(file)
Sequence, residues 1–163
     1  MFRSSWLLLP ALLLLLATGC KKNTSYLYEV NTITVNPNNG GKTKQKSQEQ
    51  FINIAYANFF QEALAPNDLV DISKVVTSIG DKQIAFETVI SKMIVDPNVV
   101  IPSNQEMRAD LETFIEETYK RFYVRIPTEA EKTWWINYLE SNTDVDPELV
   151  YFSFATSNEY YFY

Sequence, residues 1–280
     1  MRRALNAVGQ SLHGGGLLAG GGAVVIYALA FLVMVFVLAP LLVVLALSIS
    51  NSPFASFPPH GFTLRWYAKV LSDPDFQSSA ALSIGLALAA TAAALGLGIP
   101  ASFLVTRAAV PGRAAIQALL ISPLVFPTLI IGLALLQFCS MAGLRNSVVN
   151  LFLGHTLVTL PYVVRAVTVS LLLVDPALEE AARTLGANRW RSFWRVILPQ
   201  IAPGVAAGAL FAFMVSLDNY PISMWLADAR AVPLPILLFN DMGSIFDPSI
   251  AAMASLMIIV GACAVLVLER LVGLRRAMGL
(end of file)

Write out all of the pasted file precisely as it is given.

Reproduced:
Sequence, residues 1–163
     1  MFRSSWLLLP ALLLLLATGC KKNTSYLYEV NTITVNPNNG GKTKQKSQEQ
    51  FINIAYANFF QEALAPNDLV DISKVVTSIG DKQIAFETVI SKMIVDPNVV
   101  IPSNQEMRAD LETFIEETYK RFYVRIPTEA EKTWWINYLE SNTDVDPELV
   151  YFSFATSNEY YFY

Sequence, residues 1–280
     1  MRRALNAVGQ SLHGGGLLAG GGAVVIYALA FLVMVFVLAP LLVVLALSIS
    51  NSPFASFPPH GFTLRWYAKV LSDPDFQSSA ALSIGLALAA TAAALGLGIP
   101  ASFLVTRAAV PGRAAIQALL ISPLVFPTLI IGLALLQFCS MAGLRNSVVN
   151  LFLGHTLVTL PYVVRAVTVS LLLVDPALEE AARTLGANRW RSFWRVILPQ
   201  IAPGVAAGAL FAFMVSLDNY PISMWLADAR AVPLPILLFN DMGSIFDPSI
   251  AAMASLMIIV GACAVLVLER LVGLRRAMGL